A locking mechanism for a retractable cargo bed generally identified by
reference
numeral 10, will now be described with reference to FIG. 1 through 6.
Structure and Relationship of Parts:
Locking mechanism 10 for a retractable cargo bed 12 is illustrated in FIG. 1.
Cargo
bed 12 may be located in the back of a vehicle (not shown) or truck. Locking
mechanism 10
has an engagement rail 14, a locking member 16, a spring 18, and an activation
lever 20.
Cargo bed 12 consists of a stationary frame 22 illustrated in FIG. 2 and a
travelling frame 24
illustrated in FIG. 3. Referring to FIG 2, engagement rail 14 is positioned on
stationary frame
22. Engagement rail 14 has an edge profile 26 having a plurality of
rectangular loclcing
recesses 28. Engagement rail 14 is stamped out of a single piece of plate
steel, engagement
rail 14. Referring to FIG. 3, locking member 16, spring 18 and activation
lever 20 are all
carried by travelling frame 24. Engagement rail 14, locking member 16 and
activation lever
20 may all be positioned off-center, as shown in FIG. 1. As will hereinafter
be further
described, spring 18 is provided to bias locking member 16 into engagement
with a selected
one of locking recesses 28. Referring to FIG. 2, stationary frame 22 has a
first end 30, a
second end 32, guides 34, and lateral supports 35. In the embodiment detailed
in the figure,
engagement rail 14 is carried overtop of lateral supports 35. Referring to
FIG. 3. travelling
frame 24 has a first end 36, a second end 38, sides 40, and lateral supports
41. In the
embodiment shown in the figure, activation lever 20 is carried through lateral
supports 41.
FIG. 6 shows activation lever 20 positioned within guide holes 47, guide holes
47 being
located through lateral supports 41 of travelling frame 24. Guides 34 may
consist of a rail
system 42 with or without wheels (not shown) designed to allow travelling
frame 24 to slide
overtop of stationary frame 22. This could be accomplished by containing sides
40 of
travelling frame 24 within guides 34, in such a way that travelling frame 24
is able to extend


CA 02573256 2007-01-03
3

and retract overtop of stationary frame 22. Referring to FIG. 1, spring 18 is
attached to
activation lever 20 in the vicinity of handle 43. Referring to FIG. 5, spring
18 is attached to
travelling frame 24 and extends to activation lever 20. FIG. 1 shows cargo bed
12 in a
retracted position. In the embodiment shown in this figure, first end 30 of
stationary frame 22
is oriented below first end 36 of travelling frame 24. In addition, second end
32 of stationary
frame 22 is oriented below second end 38 of travelling frame 24. Activation
lever 20 is
connected to locking member 16, activation lever 20 also having a handle 43 at
second end 38
of travelling frame 24. There is also may be a second handle 44 positioned at
second end 38
of travelling frame 24, as shown in FIG. 1.
FIG. 4 details engagement rail 14. Engagement rail 14 has a first section 45
and an
engagement section 46. First section 45 is attached directly to stationary
frame 22.
Engagement section 46 is angled upwards. FIG. 6 shows locking member 16 in the
locked
position, angled downward to engage engagement section 46 of engagement rail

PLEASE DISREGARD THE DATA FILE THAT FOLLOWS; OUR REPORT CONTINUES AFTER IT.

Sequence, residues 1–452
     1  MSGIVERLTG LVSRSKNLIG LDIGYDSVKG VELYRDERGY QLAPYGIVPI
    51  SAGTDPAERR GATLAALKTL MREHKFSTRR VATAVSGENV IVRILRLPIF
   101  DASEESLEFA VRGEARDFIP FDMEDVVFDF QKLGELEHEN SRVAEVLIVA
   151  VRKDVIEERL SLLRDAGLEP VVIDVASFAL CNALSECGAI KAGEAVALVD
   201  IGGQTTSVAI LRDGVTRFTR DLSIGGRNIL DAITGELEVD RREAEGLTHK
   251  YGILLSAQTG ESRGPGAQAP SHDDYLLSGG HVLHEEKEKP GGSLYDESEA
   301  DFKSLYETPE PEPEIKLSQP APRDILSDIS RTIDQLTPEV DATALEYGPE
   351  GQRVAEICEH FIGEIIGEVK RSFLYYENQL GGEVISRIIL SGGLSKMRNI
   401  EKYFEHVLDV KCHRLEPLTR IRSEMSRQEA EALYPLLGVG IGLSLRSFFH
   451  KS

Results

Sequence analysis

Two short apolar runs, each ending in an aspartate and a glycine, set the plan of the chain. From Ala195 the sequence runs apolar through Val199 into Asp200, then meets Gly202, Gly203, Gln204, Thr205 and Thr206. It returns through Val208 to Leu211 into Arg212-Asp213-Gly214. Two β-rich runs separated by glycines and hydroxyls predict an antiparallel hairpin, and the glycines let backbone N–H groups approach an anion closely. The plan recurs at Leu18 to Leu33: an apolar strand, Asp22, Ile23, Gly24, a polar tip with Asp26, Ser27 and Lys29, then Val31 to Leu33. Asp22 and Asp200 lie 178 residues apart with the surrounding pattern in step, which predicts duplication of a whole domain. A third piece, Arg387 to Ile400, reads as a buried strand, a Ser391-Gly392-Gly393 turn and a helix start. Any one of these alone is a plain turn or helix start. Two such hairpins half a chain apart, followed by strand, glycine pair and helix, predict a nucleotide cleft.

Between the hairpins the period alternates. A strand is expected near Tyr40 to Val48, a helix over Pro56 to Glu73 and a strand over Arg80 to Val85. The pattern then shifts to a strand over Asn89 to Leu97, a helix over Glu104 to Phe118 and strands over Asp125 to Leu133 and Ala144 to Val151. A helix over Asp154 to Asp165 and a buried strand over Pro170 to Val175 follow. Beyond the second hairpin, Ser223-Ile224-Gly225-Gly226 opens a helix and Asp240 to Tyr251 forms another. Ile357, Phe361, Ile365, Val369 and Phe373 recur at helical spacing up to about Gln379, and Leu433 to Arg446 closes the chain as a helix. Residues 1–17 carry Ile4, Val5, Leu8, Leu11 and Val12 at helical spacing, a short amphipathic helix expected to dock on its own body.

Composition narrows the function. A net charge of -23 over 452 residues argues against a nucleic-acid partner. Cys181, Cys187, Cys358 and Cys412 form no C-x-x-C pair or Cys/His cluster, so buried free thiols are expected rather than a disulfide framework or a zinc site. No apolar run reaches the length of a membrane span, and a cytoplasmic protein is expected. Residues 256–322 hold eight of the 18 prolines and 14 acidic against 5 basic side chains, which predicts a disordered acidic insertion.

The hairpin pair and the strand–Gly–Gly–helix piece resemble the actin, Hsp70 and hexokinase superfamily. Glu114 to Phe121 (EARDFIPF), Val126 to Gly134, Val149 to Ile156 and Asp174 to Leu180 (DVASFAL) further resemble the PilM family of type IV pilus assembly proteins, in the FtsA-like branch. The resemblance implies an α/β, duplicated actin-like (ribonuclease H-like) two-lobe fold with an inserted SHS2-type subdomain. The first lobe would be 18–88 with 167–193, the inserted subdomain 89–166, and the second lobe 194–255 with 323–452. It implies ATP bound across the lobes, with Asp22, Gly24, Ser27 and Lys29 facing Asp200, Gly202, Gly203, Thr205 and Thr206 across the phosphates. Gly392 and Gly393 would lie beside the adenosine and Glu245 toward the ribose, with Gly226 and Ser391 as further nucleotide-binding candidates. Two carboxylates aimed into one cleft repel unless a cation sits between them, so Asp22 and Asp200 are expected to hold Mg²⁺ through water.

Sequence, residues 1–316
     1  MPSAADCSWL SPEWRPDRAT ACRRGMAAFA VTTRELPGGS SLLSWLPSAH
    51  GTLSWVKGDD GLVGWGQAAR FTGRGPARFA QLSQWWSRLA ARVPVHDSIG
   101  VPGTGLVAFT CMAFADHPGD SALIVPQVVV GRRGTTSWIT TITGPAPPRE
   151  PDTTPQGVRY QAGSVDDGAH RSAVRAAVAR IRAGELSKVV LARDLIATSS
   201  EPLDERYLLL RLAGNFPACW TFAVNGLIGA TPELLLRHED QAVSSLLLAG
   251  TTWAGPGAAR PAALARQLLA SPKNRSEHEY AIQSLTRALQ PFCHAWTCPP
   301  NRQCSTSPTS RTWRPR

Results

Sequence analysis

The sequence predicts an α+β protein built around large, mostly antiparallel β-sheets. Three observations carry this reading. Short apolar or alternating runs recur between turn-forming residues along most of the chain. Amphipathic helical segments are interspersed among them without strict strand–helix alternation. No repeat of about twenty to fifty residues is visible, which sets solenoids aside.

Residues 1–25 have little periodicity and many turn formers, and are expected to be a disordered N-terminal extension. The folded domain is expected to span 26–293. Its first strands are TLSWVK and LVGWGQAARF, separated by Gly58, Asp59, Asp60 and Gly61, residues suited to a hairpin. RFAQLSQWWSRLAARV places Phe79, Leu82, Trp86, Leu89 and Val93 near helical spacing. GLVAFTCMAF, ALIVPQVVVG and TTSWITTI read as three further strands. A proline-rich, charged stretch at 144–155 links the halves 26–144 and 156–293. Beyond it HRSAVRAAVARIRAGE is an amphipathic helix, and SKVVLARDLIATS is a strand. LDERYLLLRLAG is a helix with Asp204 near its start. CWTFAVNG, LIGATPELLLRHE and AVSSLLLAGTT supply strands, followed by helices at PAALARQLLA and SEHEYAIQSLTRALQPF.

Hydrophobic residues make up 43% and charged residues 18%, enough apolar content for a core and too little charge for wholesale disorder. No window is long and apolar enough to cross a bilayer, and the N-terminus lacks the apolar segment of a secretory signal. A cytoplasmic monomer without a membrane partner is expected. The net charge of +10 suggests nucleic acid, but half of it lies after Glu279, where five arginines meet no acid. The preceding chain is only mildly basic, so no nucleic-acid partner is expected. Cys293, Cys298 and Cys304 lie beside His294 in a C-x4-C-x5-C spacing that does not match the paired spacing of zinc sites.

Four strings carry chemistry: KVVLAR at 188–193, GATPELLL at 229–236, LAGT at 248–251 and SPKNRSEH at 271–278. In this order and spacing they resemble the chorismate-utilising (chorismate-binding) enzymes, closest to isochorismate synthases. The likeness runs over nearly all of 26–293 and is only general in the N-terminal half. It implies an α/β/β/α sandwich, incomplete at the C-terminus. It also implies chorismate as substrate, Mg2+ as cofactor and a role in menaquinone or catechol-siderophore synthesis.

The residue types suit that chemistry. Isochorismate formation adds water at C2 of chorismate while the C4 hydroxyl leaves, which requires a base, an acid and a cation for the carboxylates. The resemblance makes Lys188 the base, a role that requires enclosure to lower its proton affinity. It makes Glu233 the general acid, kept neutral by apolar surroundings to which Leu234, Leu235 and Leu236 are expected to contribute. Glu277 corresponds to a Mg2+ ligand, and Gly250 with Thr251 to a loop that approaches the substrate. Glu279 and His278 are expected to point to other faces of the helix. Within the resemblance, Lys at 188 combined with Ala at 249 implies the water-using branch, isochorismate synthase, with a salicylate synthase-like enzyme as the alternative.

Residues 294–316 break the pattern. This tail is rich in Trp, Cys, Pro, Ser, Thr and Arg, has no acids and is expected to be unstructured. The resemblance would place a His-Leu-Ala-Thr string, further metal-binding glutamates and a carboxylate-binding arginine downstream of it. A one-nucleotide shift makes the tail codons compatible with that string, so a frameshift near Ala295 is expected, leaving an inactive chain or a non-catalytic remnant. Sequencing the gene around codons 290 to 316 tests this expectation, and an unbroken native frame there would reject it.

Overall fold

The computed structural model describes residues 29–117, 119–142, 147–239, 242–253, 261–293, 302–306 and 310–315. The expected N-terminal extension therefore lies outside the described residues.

14 of FIG.
4. Referring to FIG. 6, when locking member 16 is in the release position, it
is turned to a
substantially horizontal release position (not shown). Locking member 16 is
adapted to
engage a selected one of locking recesses 28, shown in FIG. 1. Spring 18
provides a biasing
force on activation lever 20, as shown in FIG. 5. This biasing force is
transmitted to
activation lever 20 through attachment lever 37. Activation lever 20 is
adapted to permit a
user to overcome the biasing force of spring 18 (by exerting a force upon
handle 43) to
disengage locking member 16 from the selected one of locking recesses 28 that
locking
member 16 is engaged to, as shown in FIG. 1. FIG. 5 shows activation lever 20
being turned
against the biasing force of spring 18, in order to unlock locking member 16
(not shown).
When no force is applied to activation lever 20 (through handle 43) to
overcome the biasing
force of spring 18, the biasing force rotates activation lever 20 into a
locking position with
engagement rail 14.

Operation:
When cargo bed 12 is in the retracted position as shown in FIG. 1, spring 18
biases
locking member 16 into a locking position with engagement rail 14. Locking
member 16 is
engaged by a first recess 48 of locking recesses 28. In this position,
travelling frame 24 is
unable to slide overtop of stationary frame 22. Lateral supports 35 and 41 of
stationary and


CA 02573256 2007-01-03
4

travelling frames 22 and 24, respectively, prevent their respective frames (22
or 24) from
bending during the extension/retraction of cargo bed 12. I,a.teral supports 35
and 41 also
provide a surface for transporting weight. In order to extend cargo bed 12,
locking mechanism
must be unlocked. Locking mechanism 10 is unlocked by turning handle 43
against the
5 biasing force of spring 18 to move locking member 16 into a substantially
horizontal position.
This disengages locking member 16 from contact with engagement rail 14, and
allows
travelling frame 24 to freely slide overtop of stationary frame 22. During
either extension or
retraction of travelling frame 24, locking member 16 must be disengaged from
engagement
rail 14. This is accomplished by maintaining handle 43 in the unlocked
position, against the
10 force of spring 18. Second handle 44 assists this manoeuvre, as a user is
able to grip second
handle 44 in one hand and handle 43 in the other. That way a user can
extend/retract cargo
bed 12 while keeping locking mechanism 10 unlocked. Cargo bed 12 can be locked
in the
extended position (not shown) by allowing spring 18 to bias locking member 16
back into
engagement with engagement rail 14. There may be stops (not shown) positioned
on one or
both of travelling and stationary frames 24, 22, stops designed to restrict
the range of
movement of travelling frame 24 overtop of stationary frame 22. These stops
would be useful